We celebrate Pride week at the Lumiere with this 1970 classic. Middle-aged Kath (Beryl Reid) comes across the handsome young Mr. Sloane (Peter McEnery) in a cemetery, and liking what she sees invites him to become her lodger. Her father, ‘The Dadda’ (Alan Kemp), is less impressed with this interloper, as he’s convinced he recognises Sloane as the murderer of his former employer.
Sloane isn’t the only one Dadda has issues with, as he hasn’t spoken to his son, Ed (Harry Andrews) for decades, ever since he caught him ‘committing a felony’ in his bedroom as a teenager. Ed initially thinks Kath’s made a mistake taking in a lodger – until he meets Sloane, that is. He’s immediately smitten and offers the lad employment, complete with tight leather driver’s uniform.
It seems like a good deal for Sloane, as he gets a free place to live and money in his pocket, as well as the competing affections of Kath and Ed. However, Sloane may still be a murderer, although if he is, he may not get the reaction he expects from Ed and Kath.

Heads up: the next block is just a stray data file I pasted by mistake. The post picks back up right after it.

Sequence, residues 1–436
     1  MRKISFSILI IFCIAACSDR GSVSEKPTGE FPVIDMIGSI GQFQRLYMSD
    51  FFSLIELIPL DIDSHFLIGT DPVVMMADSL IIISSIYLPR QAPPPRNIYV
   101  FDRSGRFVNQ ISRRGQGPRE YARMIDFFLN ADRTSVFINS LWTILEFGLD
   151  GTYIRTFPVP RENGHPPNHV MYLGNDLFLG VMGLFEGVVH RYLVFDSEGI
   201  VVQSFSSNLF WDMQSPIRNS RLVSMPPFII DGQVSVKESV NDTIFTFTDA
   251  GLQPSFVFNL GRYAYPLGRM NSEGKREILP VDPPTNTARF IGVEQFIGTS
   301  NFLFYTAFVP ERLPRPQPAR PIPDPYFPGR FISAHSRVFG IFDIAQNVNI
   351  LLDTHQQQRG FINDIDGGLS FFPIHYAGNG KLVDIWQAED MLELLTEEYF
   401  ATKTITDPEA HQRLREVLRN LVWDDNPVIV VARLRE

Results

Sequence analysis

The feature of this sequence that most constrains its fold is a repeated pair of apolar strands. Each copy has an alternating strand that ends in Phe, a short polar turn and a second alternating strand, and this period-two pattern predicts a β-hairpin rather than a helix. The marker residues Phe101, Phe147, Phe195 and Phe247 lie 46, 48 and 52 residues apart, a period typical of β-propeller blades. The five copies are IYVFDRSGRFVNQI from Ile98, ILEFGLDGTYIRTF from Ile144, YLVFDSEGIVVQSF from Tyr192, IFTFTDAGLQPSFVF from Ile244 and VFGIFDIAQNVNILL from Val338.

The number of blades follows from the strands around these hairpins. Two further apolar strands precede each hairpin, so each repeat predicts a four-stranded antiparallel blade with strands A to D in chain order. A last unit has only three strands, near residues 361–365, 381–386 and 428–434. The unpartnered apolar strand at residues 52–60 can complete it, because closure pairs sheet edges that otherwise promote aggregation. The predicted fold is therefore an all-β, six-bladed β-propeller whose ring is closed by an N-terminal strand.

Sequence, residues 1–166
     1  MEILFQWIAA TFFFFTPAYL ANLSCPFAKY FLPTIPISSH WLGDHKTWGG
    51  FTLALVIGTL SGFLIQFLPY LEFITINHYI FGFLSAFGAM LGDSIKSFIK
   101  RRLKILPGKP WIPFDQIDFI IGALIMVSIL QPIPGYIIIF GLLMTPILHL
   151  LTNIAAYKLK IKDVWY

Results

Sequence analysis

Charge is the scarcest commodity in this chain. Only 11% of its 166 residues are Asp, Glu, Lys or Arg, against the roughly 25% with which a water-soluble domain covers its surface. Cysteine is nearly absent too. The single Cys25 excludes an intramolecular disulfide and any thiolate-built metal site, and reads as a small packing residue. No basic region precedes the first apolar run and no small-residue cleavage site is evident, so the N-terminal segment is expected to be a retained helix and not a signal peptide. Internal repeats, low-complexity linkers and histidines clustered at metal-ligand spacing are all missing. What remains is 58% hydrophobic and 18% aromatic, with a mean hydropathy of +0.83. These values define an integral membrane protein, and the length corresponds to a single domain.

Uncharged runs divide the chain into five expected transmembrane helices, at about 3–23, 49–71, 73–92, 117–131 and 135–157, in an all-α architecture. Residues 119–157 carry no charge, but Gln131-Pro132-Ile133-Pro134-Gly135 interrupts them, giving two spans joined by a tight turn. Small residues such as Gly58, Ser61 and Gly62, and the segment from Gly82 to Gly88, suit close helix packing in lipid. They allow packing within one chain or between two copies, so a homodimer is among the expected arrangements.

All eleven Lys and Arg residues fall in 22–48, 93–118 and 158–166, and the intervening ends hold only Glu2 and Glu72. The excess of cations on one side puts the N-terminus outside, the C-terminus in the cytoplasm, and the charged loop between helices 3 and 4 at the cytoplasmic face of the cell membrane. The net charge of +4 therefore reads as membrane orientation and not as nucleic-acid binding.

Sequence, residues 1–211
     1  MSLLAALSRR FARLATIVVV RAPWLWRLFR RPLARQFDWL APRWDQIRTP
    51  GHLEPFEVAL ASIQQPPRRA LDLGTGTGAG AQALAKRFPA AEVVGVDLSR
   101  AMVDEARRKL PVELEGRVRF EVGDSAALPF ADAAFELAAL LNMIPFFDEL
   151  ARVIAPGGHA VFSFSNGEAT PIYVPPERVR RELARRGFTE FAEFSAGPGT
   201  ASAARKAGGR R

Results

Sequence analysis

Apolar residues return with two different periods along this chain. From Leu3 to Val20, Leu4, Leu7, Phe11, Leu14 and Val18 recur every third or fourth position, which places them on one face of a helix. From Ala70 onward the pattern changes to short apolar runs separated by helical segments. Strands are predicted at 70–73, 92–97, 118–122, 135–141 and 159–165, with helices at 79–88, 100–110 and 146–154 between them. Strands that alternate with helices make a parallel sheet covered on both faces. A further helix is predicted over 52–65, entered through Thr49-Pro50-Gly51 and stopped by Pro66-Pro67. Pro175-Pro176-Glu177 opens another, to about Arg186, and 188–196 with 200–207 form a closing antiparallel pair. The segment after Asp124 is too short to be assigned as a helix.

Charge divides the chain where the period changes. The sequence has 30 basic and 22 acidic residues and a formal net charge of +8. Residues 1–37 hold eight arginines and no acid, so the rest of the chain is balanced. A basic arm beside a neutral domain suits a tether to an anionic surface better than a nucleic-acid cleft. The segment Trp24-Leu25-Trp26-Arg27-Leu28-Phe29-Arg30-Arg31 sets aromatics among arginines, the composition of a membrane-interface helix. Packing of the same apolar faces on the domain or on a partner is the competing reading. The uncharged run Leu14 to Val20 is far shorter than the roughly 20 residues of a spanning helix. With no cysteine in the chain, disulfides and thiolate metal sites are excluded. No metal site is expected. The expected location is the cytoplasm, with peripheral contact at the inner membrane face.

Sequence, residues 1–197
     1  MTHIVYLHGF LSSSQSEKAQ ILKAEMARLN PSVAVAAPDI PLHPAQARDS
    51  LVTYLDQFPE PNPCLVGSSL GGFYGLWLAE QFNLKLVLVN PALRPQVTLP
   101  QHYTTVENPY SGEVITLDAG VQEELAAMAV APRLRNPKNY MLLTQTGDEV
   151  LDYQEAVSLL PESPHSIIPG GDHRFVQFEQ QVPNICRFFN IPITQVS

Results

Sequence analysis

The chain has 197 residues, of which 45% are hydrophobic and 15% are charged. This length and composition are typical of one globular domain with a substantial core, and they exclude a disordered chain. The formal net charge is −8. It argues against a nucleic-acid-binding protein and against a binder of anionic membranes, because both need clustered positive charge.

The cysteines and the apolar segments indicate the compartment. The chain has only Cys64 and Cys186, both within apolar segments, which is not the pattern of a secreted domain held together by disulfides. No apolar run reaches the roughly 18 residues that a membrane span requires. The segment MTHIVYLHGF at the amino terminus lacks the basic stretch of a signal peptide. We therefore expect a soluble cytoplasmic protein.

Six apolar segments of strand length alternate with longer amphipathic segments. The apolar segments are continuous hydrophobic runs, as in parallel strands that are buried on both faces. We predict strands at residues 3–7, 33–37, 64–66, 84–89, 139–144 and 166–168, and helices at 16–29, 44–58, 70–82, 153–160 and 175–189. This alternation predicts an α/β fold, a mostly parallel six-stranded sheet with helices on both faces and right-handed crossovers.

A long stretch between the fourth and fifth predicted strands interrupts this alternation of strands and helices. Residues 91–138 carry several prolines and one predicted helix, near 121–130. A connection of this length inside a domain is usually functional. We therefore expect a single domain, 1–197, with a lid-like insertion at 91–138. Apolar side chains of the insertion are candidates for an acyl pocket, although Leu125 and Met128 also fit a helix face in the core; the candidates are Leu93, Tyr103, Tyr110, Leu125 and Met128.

This 1970 movie version of Joe Orton’s 1964 play lives in a slightly odd place in that it manages to feel both quaint and edgy at the same time. It’s gleefully amoral attitude and sexual politics still have the ability to surprise and amuse, but the way it’s made places it firmly in the late 60s/early 70s. It revels in the swinging attitudes of the time and the sense that old ideas were in flux and a new, slightly anarchic world was on the horizon.